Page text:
WASHINGTON (AP) — Federal Reserve Chair Jerome Powell gambled last year that his ultra-low rate policies would help revive an economy that had sunk deep into a pandemic-induced recession. He has been mostly successful in his gamble.
Yet Powell’s challenge is hardly over. Inflation has jumped to a three-decade high, and Powell’s efforts to contain it will constitute the stiffest test of his next term. Powell will need to face additional challenges, such as the unexpected nature of pandemic recovery or the danger of outpacing other central banks in the world.
Getting inflation under control will be particularly difficult because the Fed isn’t facing a traditionally overheating economy. Normally, the Fed is able to cool off runaway inflation and reduce the danger of high inflation by raising the benchmark interest rate. This will affect other loan rates across the economy. This tends to reduce borrowing and increase spending.
This time, huge government stimulus spending, the release of pent-up demand as the economy reopened and the Fed’s own policies — it’s kept its short-term rate near zero since March 2020 — has supercharged consumer demand. Most of the spending has been channelled into products like furniture, cars and electronics. This surge in demand has caused congestion on ports and railroads, and also created shortages of labor. That combination of factors isn’t something the Fed can fix.
“This isn’t your garden-variety inflation spike,” said Sarah Binder, a political scientist at George Washington University who has studied the Fed. “This pandemic economy is different. There’s really no playbook for: How do you get the soft landing the Fed is always aiming for?”
The economy has 4 million less jobs now than before the pandemic. The Fed has reaffirmed its commitment to maximum employment in a revised policy framework it adopted last year. If the Fed does not correctly calculate and holds rates too low too long in an effort to encourage more job growth, prices could rise rapidly. In order to lower inflation, the central banking would have to raise rates even more. The central bank would have to increase rates again in order to prevent another recession.
“2022, without question, is going to be one of the hardest years that the Fed has had to navigate,” said Claudia Sahm, a senior fellow at the Jain Family Institute and former Federal Reserve economist. “They have a very complicated task ahead of them.”
By most measures, the economy has fared quite well this year, even though high prices have undercut Americans’ confidence in it and made it harder for many households to afford food, fuel and other necessities. On Monday, while introducing Powell and his nominee for vice chair — Lael Brainard, a member of the Fed’s Board of Governors — Biden declared that the U.S. economy has “gone from an economy that was shut down to an economy that’s leading the world in economic growth.” He credited his own policies and the Fed’s as well.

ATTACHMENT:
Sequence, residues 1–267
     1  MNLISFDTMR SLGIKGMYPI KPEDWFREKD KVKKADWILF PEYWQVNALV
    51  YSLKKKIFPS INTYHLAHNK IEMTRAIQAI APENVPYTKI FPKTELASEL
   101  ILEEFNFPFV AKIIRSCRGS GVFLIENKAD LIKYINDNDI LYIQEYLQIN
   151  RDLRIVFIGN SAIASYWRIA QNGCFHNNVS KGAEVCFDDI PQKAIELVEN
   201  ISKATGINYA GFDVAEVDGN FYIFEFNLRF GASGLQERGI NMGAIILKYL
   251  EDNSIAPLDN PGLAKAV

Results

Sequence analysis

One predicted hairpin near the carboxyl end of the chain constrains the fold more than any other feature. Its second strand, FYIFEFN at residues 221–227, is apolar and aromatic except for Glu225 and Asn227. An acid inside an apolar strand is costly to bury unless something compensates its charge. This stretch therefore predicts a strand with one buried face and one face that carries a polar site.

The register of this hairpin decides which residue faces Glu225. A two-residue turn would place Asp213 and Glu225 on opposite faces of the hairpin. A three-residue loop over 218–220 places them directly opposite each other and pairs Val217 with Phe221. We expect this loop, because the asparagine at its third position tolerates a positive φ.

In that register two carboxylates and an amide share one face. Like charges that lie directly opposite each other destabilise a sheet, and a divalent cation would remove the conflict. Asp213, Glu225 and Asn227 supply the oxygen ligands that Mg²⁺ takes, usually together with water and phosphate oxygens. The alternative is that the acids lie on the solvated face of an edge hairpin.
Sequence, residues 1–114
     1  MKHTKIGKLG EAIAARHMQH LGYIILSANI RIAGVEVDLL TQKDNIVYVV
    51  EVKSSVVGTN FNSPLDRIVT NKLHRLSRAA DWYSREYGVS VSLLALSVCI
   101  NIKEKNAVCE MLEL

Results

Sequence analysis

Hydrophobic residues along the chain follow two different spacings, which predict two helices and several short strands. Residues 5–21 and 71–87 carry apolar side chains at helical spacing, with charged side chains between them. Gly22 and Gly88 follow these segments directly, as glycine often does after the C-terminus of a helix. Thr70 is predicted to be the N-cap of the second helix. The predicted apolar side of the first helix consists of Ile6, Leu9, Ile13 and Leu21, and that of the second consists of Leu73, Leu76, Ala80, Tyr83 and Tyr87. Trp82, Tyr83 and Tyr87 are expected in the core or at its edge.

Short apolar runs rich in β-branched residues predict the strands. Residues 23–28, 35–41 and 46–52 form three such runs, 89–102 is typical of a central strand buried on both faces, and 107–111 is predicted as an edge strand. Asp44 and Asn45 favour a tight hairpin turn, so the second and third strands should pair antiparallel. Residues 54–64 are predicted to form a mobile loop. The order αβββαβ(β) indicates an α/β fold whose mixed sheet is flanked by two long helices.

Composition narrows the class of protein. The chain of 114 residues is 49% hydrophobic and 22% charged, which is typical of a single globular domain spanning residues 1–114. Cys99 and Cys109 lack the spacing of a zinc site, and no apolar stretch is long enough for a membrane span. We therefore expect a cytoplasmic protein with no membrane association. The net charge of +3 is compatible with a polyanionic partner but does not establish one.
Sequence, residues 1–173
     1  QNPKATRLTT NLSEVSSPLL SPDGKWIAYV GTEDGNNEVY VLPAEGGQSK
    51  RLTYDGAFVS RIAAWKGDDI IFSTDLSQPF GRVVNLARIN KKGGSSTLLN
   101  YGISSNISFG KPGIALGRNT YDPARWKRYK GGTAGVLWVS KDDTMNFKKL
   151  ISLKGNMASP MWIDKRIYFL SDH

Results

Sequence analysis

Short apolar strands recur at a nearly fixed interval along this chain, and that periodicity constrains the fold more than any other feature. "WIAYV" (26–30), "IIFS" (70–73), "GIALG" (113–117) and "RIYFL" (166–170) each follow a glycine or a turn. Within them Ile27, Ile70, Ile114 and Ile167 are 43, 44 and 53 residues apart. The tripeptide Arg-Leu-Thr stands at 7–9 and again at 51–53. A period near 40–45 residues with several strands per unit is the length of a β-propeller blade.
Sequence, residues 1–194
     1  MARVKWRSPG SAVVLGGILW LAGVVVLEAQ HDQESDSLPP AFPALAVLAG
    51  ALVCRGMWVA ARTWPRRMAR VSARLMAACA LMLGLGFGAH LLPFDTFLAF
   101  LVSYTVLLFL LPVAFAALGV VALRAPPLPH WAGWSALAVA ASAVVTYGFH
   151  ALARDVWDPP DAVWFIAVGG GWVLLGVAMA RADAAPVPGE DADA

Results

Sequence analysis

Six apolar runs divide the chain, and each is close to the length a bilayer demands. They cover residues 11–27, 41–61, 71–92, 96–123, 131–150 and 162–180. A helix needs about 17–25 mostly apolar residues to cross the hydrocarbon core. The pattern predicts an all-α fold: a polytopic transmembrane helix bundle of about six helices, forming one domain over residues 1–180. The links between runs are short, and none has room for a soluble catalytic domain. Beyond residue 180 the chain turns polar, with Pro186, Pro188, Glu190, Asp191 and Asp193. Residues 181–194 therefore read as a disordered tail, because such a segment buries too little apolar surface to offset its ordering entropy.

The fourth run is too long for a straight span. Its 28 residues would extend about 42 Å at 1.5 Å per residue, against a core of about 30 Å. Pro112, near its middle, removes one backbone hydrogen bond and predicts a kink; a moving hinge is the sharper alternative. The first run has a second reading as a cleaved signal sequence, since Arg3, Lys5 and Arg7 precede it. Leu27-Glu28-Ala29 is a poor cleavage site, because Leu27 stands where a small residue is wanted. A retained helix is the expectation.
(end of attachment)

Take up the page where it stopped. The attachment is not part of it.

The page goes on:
“Things are getting better for American workers,” the president said. “Higher wages, better benefits, more flexible schedules. … Savings are up, home equity is up.”
Consumer prices reached 6.2% during the 12-months ending in October. It was the highest year-over–year increase since 1990. Powell, after having previously describing high inflation as merely “transitory,” now acknowledges that it could persist well into next year.
Many analysts believe that the Fed will increase rates at least twice in 2022, in order to reduce inflation. The Fed plans to maintain an average of 2% per year over the course of time. However, these rate increases are likely to present challenges. Under the new framework devised by Powell and Brainard among others, the Fed wants maximum employment that is “broad and inclusive.” That means it will take account of other data points, like the unemployment rate for Black Americans, rather than just the overall jobless rate.
Yet even if the overall jobless rate falls below 4% next year — it’s 4.6% now — which would be close to what many Fed officials regard as full employment, African-American joblessness would likely be much higher, given the perennial racial gap in unemployment. Black unemployment stands at 7.9%.
Stephanie Aaronson is a former Fed economist and now heads economic studies at Brookings Institution. She noted that the Fed often stated it wanted to maintain a strong economy in order to assist disadvantaged workers to regain their jobs or get higher wages. The central bank could increase rates to curb inflation and prevent potential job gains.
If that should happen, Aaronson said, “they’re going to have to say why they didn’t wait longer.”
She said that Fed officials could also note the fact that higher inflation can be detrimental to lower-income workers.
“They can articulate this, but they’ve got to get started,” Aaronson said.
Joseph Stiglitz (an economist at Columbia University who was also a Nobel Prize winner in economics) suggested that Fed must consider global implications of its policy. For example, the European Central Bank has stated that higher inflation is a temporary phenomenon. It is possible that Powell will raise rates earlier than the ECB, particularly if he does this in the first quarter of next year.
“That will lead to an increase in the (dollar) exchange rate that will decrease our exports, that will lower American competitiveness and that will weaken our economy,” warned Stiglitz, who favored Brainard for Fed chair.
This report was contributed by Paul Wiseman, an AP Economics writer.